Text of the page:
HONG KONG - Hong Kong's chief hit back at "uncivilised" critics on Thursday after he was booed and heckled by local residents as he tried to promote a newly unveiled, Beijing-backed plan for leadership elections in 2017.
The roadmap for the city's first ever public vote for its chief executive was announced on Wednesday. It conforms to a controversial ruling from Beijing stipulating that candidates must be pre-screened by a loyalist committee.
The ruling sparked mass protests which lasted more than two months towards the end of last year.
The government launched a promotional campaign to sell the plan after its launch but Chief Executive Leung Chun-ying and his deputy, Carrie Lam, were drowned out by protesters as they visited a middle-class district late Wednesday.
"Yesterday during the district visit... there were some hecklers who kept using loud voices and quite uncivilised words to try to speak over others," Leung told reporters Thursday.
"It's not democratic behaviour," he said. "We don't want to see such scenes at every district visit."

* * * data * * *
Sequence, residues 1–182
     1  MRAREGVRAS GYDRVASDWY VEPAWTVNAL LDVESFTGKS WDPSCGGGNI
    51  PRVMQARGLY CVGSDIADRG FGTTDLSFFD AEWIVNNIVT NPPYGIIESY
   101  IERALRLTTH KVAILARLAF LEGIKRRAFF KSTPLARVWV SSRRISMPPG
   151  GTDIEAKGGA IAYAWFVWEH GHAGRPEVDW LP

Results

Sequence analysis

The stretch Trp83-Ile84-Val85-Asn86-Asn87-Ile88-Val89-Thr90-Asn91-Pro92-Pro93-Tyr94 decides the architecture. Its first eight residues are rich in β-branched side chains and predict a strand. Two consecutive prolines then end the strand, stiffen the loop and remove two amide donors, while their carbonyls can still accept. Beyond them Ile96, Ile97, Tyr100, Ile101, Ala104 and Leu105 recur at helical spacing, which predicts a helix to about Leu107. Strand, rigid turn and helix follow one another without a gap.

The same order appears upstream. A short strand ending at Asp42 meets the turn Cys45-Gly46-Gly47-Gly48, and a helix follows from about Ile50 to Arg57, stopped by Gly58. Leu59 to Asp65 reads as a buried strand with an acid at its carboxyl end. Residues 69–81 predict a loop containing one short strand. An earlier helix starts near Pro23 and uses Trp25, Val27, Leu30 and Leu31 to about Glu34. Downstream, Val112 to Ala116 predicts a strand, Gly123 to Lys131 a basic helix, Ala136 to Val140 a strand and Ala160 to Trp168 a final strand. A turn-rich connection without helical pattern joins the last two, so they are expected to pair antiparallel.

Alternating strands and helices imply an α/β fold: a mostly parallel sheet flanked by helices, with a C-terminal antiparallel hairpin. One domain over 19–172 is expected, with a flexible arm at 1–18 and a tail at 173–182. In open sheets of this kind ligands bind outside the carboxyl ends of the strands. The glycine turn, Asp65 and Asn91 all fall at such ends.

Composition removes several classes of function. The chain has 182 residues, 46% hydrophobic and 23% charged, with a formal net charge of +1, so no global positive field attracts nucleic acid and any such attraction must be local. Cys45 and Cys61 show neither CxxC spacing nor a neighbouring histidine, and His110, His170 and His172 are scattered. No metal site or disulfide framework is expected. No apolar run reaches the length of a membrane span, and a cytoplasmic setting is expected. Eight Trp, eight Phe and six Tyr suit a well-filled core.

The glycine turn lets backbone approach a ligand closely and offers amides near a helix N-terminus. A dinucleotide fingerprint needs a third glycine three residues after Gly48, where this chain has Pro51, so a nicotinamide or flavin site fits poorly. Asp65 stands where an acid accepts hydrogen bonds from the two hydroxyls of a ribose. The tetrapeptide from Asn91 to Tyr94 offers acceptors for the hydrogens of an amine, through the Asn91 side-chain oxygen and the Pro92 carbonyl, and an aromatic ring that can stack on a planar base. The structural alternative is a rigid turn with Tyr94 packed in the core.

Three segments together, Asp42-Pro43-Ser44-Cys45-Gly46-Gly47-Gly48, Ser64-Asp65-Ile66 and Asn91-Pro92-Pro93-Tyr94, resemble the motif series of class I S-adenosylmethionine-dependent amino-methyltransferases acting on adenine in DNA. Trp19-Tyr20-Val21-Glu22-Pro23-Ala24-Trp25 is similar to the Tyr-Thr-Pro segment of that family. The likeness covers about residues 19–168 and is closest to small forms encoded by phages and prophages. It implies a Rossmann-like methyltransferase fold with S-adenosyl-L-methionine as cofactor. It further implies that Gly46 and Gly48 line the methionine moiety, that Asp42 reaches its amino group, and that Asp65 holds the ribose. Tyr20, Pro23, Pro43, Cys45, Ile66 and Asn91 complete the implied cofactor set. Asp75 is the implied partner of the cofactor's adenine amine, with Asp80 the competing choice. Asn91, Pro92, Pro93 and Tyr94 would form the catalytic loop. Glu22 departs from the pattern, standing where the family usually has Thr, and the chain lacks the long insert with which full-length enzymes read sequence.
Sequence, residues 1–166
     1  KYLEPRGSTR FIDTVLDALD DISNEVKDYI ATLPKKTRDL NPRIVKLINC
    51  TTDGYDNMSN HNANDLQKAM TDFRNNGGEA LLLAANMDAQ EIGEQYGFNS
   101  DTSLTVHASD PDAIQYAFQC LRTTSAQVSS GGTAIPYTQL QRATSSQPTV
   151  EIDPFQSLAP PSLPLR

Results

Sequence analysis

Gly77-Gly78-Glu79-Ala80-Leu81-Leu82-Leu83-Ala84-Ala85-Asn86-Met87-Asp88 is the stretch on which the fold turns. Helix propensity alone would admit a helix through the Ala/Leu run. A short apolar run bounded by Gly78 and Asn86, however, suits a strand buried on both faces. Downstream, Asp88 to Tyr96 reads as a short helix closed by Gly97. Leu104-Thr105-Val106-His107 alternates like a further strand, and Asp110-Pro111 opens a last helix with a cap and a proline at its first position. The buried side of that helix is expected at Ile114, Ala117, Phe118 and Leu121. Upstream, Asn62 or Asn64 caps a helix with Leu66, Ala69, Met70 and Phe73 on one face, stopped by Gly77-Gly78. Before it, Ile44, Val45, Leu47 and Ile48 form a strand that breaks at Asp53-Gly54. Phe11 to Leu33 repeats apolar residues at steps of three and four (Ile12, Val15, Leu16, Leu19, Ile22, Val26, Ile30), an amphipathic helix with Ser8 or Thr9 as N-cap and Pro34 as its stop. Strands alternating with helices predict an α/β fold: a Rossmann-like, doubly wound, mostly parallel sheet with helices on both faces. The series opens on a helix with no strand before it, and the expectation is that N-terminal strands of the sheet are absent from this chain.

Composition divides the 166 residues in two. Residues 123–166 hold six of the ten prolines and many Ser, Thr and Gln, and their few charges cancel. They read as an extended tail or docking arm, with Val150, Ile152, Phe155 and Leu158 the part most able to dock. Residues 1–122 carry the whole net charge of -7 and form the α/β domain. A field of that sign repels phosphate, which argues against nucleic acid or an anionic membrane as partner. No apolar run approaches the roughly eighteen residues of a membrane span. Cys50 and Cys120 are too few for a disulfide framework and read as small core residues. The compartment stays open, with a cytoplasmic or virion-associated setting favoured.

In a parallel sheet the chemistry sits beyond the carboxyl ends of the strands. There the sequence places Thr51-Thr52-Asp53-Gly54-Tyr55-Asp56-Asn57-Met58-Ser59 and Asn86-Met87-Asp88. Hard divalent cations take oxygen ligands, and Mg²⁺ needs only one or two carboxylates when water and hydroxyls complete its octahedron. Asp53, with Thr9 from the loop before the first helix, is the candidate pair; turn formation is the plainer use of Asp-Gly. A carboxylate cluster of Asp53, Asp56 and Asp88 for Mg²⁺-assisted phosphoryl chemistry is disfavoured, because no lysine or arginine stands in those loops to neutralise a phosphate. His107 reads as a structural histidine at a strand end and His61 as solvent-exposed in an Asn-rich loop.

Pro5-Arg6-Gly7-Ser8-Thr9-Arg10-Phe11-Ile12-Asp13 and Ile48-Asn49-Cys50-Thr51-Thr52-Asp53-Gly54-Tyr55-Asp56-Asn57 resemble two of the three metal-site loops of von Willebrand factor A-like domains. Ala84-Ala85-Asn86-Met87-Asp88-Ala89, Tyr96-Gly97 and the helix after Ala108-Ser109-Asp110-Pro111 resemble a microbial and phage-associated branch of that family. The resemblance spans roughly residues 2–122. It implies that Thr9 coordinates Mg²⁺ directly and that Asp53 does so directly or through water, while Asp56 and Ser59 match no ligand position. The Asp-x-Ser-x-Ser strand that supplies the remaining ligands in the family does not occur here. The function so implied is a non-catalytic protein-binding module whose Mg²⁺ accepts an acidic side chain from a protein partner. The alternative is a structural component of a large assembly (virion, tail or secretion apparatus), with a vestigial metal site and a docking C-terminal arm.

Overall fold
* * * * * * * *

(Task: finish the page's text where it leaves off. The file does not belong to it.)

Protesters booed Leung and Lam and blocked their path with yellow umbrellas, a symbol of the democracy movement.
The election proposal triggered a backlash from pro-democracy lawmakers and student leaders, and was slammed by Human Rights Watch, which described it as a "betrayal".
Britain handed Hong Kong over to China in 1997 under a joint declaration which guaranteed political, social and economic freedoms not enjoyed on the Chinese mainland.
The semi-autonomous city is governed under that "one country, two systems" deal, but there are fears that freedoms are being eroded by increased influence from Beijing.
Currently the city's leader is chosen by a 1,200-strong election committee.
Beijing has promised universal suffrage for the 2017 vote, but has said that candidates must be approved first by a nominating committee.
The constitutional reform package is "legal, feasible, rational and practical", China's Hong Kong and Macau Affairs Office said on Wednesday, according to state news agency Xinhua.
"The central government consistently supports efforts to advance the democratic development" in Hong Kong, it added.
But pro-democracy lawmakers have vowed to block the roadmap when it goes to a vote in Hong Kong's legislature in the coming months.
Sophie Richardson, China director for Human Rights Watch, described the election plan as an "utter capitulation to Beijing" and a "betrayal of democratic aspirations in Hong Kong".
"The right to vote and the right to stand for election are fundamental human rights," she said.
"That the Hong Kong authorities are denying half that equation is a rejection of international law and of the promise of democracy for the citizens there."
Human Rights Watch said the screening of candidates would violate the International Covenant on Civil and Political Rights.